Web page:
The ore deposit in the sub-district is complex with two groups of north-striking veins, which branch from or cross the northwest-striking Southern Cross fissure. Mineralization is from replacement of dolomite limestone host rock, and fissuring of the limestone. Ore is primarily quartz and auriferous pyrite, accompanied by minor pyrrhotite, magnetite, and chalcopyrite. Nearly all of the ore extracted was oxidized with gold and minor copper values (Earll 1972).
BOUNDARIES OF THE DISTRICT
One of the earliest references to define a mining district associated with the mines on Cable Mountain was Bohm (1916). He defined a "Cable mining district" to include all those mine.
located upon Cable Mountain which are in the Red Lion and Georgetown mining districts of Granite and Deerlodge counties.
Billingsley (1913) locates the district 20 miles west of Anaconda. He states the district lies along the divide between the headwaters of Warm Springs Creek, which drains to the east and Flint Creek which flows to the north. The actual divide is formed by Cable Mountain, a north / south ridge that terminates in the south in hills overlooking Georgetown Lake. His description encompasses the Red Lion mines to the north, the Southern Cross mines to the west and the Georgetown mines to the south.
Sahinen (1935) places the Georgetown - Southern Cross - Cable district in the northwest corner of Deerlodge County, about 15 miles west of Anaconda. The district includes the area north of Silver Lake and west of Warm Springs Creek. Sahinen also includes the Red Lion district to the north in his total production figures for the district.
Wolle (1963) places the Georgetown district in the immediate vicinity of Georgetown and on Georgetown Flats. Some of the placers and lode mines were located on the hillside immediately above the town.
Earll (1972) provides a good commentary on the evolution of district boundaries and summarizes the district's history:
Although initially the several mining districts clustered around the settlement at Georgetown, [they] maintained their separate identities, in more recent years there has been a tendency to combine reports from all of these districts under the single heading of Georgetown District.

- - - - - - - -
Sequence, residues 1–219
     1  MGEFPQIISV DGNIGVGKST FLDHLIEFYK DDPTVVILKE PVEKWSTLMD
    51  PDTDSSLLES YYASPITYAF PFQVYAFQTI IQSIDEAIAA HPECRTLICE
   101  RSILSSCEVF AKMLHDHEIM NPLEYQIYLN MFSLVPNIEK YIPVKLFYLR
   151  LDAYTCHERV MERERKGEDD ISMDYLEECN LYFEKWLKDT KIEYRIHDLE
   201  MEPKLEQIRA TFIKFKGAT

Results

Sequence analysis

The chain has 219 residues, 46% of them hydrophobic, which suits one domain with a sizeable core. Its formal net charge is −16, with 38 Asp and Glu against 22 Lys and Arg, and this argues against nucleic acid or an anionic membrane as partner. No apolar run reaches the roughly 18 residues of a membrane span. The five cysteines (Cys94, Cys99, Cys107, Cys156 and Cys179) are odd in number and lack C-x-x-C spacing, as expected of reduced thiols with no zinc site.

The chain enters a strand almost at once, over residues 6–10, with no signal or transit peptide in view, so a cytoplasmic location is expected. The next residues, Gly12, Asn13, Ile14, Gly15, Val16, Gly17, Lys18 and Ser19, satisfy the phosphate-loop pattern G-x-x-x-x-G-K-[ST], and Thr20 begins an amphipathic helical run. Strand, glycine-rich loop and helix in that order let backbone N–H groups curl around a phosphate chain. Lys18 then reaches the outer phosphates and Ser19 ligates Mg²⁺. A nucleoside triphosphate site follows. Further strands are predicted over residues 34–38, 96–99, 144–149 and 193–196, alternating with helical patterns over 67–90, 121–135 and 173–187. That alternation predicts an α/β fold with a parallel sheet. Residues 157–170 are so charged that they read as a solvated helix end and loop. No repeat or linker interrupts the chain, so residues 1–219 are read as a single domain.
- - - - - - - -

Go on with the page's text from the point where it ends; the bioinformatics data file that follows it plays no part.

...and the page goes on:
Figure 1 shows the Georgetown district as it corresponds to most of the historic literature. There is an extension to the AMRB (1994) boundary to the east to include the Cable Mine and placers and to the south to include the War Eagle.
HISTORIES OF SELECTED MINES
The Cable mine (24DL292) is in west / central section 10, T5N, R13W, 13 near the head of Cable Creek, 17 miles northwest of Anaconda and 7.5 miles beyond Browns Siding. The property consists of 13 patented claims. The mine was initially located in the fall of 1866 by Thomas Aiken, John E. Pearson and Jonas Stough. The trio were camping on Flint Creek when their horses wandered away from camp. While looking for their steeds, rich float was discovered and traced back to its source. A four mile ditch was quickly dug to wash the float. While digging a shaft on the claim in June of 1867 a new, richer vein was discovered. The Cable claim, named in honor of the laying of the first transatlantic cable, was then located (Wolle 1963; Munson 1988).
From Aiken and Company the mine quickly passed to W. Nowland, a banker in Helena. Nowland built the first mill, known as the Nowlan, one mile downstream from the mine in 1867. This 20-stamp mill treated 9,000 tons of ore valued at $172,000 during its history. In April of 1869 a 148 foot shaft, sunk into a large ore body, collapsed. Nowland died before the mine could be reopened. Despite reportedly poor management by Nowland, the mine was the top producer in the area and had a total reported production of $400,000 by 1869 (Bohm 1906; Emmons 1907; Lincoln 1911b; Gilbert 1935b).